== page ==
• Talk about gender roles. In college-age men, talking about gender roles and conflict with them have been shown to positively affect at least Restrictive Emotionality (Beatty et al., 2006). Thus, it is important for youth workers to host open discussions on these issues. This will assist both the individuals involved in these transitions and will ensure a more tolerant environment by educating the public at-large about these issues.

  • Expose youth to activities across the gender spectrum. This can include programs within residential communities, discussion through clubs or organizations, and demonstrations in student areas, such as a student union. Faculty may even become involved by including activities, discussion, and video on this topic into their curriculum. This increased exposure will educate youth on these issues and help to create a climate of tolerance.

  • Get the information out there. Training in hate speech identification, how to handle tough situations, and distributing appropriate information would help to create a climate in which rigid gender roles do not necessarily translate to decreased resilience. These programs may include youth workers, organizational leaders, teachers, coaches, peer mediators and mentors, guidance counselors, and other administrators. By creating a more accepting environment, we may improve problems with bullying, absenteeism, school safety, and victimization.

Conclusion

Gender development can be a difficult process for those who do not conform to typical gender roles. It is therefore the responsibility of youth workers to soften the rigid lines separating male and female. By recognizing that gender roles are not as clearly defined as in past generations, youth workers and parents can assist youth by educating and exposing them to different interpretations of gender throughout their young lives. This allows practitioners to build potential for positive youth development for all youth, not just those with obvious problems or risk factors. In so doing, perhaps then gender role conflict can be lessened, and more youth may in turn be better equipped with the resilience that, today, is increasingly required of adolescents and emerging adults.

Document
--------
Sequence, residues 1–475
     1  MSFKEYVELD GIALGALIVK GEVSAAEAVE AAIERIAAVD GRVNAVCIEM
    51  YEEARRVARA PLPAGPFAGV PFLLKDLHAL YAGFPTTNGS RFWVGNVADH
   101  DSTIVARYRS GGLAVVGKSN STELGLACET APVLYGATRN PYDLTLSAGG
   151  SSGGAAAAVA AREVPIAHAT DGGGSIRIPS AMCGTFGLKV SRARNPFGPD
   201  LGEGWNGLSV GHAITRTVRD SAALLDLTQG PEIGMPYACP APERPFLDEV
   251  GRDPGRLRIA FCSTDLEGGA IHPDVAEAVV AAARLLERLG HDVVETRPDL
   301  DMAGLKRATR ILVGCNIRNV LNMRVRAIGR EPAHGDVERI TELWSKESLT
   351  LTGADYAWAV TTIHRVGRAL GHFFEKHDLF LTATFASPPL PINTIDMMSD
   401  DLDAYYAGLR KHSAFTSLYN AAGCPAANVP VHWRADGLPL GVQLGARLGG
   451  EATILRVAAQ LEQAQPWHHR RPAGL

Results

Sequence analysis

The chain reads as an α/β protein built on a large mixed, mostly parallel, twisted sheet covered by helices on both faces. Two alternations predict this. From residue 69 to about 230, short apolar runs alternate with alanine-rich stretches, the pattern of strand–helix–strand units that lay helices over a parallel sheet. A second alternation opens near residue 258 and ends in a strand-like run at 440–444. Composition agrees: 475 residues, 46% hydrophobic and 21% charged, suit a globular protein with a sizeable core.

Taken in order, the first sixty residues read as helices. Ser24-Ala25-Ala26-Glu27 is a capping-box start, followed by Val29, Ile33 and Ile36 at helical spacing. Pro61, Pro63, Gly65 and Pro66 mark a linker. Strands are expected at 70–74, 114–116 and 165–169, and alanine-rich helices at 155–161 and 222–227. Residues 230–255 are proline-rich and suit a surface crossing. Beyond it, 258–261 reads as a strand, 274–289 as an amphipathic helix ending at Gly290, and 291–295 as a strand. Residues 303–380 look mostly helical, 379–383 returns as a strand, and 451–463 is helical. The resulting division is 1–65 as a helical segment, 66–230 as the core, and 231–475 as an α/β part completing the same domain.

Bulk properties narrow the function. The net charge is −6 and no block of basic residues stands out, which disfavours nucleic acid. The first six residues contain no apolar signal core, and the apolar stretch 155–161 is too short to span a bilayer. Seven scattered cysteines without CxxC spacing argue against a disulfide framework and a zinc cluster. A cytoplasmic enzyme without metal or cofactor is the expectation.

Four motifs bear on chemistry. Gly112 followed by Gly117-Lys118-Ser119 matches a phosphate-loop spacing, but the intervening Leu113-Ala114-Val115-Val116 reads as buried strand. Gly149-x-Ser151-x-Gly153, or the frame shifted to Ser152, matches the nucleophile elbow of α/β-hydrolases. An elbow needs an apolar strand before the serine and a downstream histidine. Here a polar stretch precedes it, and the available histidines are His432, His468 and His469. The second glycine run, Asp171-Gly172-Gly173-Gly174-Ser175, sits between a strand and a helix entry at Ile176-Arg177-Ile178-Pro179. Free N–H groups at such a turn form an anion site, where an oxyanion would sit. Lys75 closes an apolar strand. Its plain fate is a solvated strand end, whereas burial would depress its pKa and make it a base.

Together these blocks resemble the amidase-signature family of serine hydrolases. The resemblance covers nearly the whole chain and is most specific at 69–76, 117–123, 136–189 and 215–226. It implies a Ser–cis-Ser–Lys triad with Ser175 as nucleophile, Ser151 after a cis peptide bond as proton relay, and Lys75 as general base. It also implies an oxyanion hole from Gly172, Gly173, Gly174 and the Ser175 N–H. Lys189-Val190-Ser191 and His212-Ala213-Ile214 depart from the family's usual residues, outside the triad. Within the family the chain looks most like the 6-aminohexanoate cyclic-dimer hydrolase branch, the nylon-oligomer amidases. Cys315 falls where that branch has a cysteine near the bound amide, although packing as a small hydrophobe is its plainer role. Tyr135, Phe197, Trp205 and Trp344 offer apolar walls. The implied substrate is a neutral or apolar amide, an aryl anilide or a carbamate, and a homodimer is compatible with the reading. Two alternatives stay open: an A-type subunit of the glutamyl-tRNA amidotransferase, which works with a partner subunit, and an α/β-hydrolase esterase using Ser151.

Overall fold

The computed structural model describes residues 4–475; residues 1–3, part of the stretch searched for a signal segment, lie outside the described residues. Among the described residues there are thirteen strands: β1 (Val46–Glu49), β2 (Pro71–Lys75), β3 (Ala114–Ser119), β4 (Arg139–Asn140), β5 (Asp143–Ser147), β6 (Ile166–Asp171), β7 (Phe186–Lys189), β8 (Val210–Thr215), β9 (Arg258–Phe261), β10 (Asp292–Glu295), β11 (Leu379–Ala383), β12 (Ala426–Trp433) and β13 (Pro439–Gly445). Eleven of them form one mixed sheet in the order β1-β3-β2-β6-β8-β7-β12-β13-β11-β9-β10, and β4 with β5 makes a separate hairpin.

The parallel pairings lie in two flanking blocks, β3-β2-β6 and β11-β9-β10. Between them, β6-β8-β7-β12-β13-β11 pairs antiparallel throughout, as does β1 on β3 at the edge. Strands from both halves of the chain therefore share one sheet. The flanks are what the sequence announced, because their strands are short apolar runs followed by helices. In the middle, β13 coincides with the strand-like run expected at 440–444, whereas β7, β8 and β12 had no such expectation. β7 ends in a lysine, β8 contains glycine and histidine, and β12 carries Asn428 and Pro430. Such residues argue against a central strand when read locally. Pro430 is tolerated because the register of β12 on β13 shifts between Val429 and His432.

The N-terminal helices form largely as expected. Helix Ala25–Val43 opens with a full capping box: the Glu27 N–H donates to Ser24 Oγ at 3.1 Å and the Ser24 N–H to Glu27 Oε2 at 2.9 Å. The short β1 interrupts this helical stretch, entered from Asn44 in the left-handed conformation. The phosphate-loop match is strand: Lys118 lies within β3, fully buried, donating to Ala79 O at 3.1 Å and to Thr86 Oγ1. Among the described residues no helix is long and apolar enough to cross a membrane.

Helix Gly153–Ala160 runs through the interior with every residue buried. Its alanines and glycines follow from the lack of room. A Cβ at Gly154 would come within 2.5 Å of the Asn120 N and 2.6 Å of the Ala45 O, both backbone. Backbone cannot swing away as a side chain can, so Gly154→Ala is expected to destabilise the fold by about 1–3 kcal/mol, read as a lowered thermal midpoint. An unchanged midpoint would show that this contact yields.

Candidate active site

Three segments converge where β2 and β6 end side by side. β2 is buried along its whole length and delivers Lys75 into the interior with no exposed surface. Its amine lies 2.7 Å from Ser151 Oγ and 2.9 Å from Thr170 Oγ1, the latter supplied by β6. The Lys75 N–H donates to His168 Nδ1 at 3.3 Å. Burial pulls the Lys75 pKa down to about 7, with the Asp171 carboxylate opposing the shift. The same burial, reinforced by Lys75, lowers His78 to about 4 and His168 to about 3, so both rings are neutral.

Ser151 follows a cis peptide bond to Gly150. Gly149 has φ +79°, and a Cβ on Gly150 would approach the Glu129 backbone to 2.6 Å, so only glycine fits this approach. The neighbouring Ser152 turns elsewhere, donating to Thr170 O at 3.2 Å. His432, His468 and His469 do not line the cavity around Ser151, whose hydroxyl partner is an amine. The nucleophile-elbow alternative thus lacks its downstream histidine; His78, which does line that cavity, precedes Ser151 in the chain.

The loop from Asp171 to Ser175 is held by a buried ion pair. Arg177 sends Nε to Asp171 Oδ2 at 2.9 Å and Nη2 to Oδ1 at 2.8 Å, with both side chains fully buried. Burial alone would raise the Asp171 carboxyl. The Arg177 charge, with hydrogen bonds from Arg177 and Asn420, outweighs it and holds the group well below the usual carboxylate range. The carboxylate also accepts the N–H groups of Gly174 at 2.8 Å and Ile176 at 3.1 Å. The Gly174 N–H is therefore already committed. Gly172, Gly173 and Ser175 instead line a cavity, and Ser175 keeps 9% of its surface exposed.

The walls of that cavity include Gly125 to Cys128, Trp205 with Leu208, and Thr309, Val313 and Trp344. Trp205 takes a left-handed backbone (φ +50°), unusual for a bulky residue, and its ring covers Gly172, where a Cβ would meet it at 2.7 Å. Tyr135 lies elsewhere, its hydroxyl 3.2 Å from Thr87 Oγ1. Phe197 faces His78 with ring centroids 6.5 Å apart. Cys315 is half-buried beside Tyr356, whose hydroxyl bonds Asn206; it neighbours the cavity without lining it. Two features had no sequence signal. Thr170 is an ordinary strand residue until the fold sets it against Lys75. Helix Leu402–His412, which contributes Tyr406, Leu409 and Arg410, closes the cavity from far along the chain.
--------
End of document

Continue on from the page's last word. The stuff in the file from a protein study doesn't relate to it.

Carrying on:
References & Resources

Beatty, A., Syzdek, M., & Bakkum, A. (2006). The Saint John's experience project: challenging men's perceptions of normative gender role conflict. Journal of Men's Studies, 14(3), 322-326.

Galambos, N. & Leadbeater, B. (2000). Trends in adolescent research for the new millennium. International Journal of Behavioral Development, 24(3), 289-294.
Galligan, S.B., Barnett, R.V., Brennan, M.A., & Israel, G.D. (2009). The Effects of Gender Role Conflict on Adolescent and Emerging Adult Male Resiliency. Journal of Men’s Studies. 18, 1, 3-21

Galligan, S.B.,Barnett, R.V., Brennan, M.A. & Israel, G.D. (2010). Understanding the link between gender role conflict, resilience, and propensity for suicide in adolescent/emerging adult males. International Journal of Men’s Health, 9, 3, 201-210.

O'Neil, J., Good, G., & Holmes, S. (1995). In R. Levant & W Pollack (Eds.). The New Psychology of Men. New York: Basic Books.

Footnotes

1.

This document is FCS2297, one of a series of the Family Youth and Community Sciences Department, Florida Cooperative Extension Service, Institute of Food and Agricultural Sciences, University of Florida. Original publication date May 2009. Revised June 2012. Visit the EDIS website at http://edis.ifas.ufl.edu.

2.

Rosemary V. Barnett, PhD, professor, Department of Family, Youth and Community Sciences, and Stephanie Bates Galligan, third-year law student, Levin College of Law; University of Florida; Gainesville, FL 32611.


The Institute of Food and Agricultural Sciences (IFAS) is an Equal Opportunity Institution authorized to provide research, educational information and other services only to individuals and institutions that function with non-discrimination with respect to race, creed, color, religion, age, disability, sex, sexual orientation, marital status, national origin, political opinions or affiliations. For more information on obtaining other UF/IFAS Extension publications, contact your county's UF/IFAS Extension office.

U.S. Department of Agriculture, UF/IFAS Extension Service, University of Florida, IFAS, Florida A & M University Cooperative Extension Program, and Boards of County Commissioners Cooperating. Nick T. Place, dean for UF/IFAS Extension.